Global | Overheating risk is real, but probably overstated
Could fiscal stimulus lead to economic overheating? Our assessment suggests that while that’s a risk, it’s not a foregone conclusion, even with large fiscal packages. There are also arguments for erring on the side of more stimulus rather than less, with policy options to rein in demand quickly if inflationary pressures start to pick up.
What you will learn:
- Multipliers are also likely to be low for other stimulus
categories too, including aid to businesses (well below 1
according to the Congressional Budget Office).
- An important component of the argument for overheating is the existence of a large overhang of “excess” savings built up in 2020 due to coronavirus restrictions.
- A key determinant of whether a fiscal package risks overheating an economy is, in theory, the size of the output gap (the difference between actual output and its potential level).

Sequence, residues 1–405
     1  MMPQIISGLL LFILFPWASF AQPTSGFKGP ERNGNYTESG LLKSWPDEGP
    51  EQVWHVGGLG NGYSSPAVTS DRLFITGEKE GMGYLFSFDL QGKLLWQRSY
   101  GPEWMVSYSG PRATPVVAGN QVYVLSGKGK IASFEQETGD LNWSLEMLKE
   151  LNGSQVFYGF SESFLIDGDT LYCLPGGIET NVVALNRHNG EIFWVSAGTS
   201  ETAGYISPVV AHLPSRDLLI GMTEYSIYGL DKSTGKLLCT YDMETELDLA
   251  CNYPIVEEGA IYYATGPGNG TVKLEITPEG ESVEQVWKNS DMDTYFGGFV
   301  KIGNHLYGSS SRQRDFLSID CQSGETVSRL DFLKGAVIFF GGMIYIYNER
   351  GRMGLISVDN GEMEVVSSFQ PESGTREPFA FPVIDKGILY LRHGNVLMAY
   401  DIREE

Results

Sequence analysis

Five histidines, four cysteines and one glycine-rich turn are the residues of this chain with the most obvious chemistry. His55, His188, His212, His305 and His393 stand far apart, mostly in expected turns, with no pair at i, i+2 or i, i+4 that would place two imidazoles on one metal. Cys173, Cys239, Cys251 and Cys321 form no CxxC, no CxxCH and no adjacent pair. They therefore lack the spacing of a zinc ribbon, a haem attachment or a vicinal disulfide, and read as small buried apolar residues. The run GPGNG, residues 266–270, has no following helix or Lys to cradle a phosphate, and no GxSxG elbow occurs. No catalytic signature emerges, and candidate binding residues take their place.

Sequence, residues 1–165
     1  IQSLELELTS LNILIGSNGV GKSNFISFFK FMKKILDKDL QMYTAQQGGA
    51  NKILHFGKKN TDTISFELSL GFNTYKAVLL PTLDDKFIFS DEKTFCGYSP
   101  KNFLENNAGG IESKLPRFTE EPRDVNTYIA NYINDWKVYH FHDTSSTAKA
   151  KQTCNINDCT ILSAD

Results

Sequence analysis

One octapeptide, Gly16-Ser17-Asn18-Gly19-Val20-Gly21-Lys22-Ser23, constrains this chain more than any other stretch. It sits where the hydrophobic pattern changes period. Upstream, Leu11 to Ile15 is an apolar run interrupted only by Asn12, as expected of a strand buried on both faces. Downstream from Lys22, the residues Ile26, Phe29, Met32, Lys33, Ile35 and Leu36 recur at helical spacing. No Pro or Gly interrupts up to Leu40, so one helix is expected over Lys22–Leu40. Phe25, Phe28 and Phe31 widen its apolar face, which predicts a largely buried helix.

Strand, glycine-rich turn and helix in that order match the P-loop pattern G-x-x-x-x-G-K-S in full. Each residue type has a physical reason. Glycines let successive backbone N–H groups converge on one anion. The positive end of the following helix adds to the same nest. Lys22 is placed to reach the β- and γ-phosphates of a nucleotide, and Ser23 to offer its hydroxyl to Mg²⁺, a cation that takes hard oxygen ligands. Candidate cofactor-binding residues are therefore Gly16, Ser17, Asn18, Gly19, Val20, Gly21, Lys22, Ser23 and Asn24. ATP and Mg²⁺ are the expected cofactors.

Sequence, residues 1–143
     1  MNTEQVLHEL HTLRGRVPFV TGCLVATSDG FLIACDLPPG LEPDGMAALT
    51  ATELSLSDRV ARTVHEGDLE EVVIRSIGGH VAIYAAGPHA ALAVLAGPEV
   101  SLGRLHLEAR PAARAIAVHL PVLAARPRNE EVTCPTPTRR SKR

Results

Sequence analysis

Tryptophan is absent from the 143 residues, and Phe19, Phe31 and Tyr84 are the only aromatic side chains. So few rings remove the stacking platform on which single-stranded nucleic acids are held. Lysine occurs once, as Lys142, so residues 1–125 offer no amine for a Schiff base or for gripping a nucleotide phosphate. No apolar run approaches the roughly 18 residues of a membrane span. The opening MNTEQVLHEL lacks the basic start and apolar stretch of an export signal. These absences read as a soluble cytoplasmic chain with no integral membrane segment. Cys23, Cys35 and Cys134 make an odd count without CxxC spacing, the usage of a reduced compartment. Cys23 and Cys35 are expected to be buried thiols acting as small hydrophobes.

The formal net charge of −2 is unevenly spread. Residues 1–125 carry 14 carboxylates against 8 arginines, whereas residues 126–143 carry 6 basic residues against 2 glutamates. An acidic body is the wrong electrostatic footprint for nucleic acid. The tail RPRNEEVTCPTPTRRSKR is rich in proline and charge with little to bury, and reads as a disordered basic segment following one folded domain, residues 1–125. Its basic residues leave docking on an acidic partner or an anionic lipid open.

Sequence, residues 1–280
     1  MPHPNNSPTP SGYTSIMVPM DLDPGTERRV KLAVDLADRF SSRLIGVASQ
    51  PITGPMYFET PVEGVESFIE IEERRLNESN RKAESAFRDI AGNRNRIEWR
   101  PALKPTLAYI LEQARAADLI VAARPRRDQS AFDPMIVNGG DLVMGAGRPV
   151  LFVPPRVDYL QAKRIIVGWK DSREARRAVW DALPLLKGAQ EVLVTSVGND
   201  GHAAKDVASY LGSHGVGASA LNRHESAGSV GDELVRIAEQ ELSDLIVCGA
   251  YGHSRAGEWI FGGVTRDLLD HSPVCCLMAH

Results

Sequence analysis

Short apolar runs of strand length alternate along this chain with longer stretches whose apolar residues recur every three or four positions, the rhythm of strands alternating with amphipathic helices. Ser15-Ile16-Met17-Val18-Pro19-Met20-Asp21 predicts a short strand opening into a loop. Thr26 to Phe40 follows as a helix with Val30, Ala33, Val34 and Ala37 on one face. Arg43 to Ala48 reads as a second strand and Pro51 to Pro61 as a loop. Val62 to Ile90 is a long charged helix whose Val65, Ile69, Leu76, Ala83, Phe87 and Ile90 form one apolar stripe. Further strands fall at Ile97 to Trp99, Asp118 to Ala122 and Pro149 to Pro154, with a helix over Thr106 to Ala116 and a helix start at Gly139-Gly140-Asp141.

Latin America Key Themes 2024 – Slower growth, but it’s not all bad news
Growth in most LatAm economies will be below consensus. Economic momentum has surprised to the upside through most of 2023, but the full effects of record global and domestic monetary tightening are yet to be seen.Find Out More
Easing financial conditions offer CRE some respite
Our measure of financial conditions has become less restrictive in the US and started to loosen in the eurozone and the UK, reflecting investors' expectations that interest rates have peaked. This should aid the outlook for commercial real estate (CRE) on the margins, although the scale of past rate hikes, sluggish economies, and structural headwinds mean the sector still confronts challenging fundamentals.Find Out More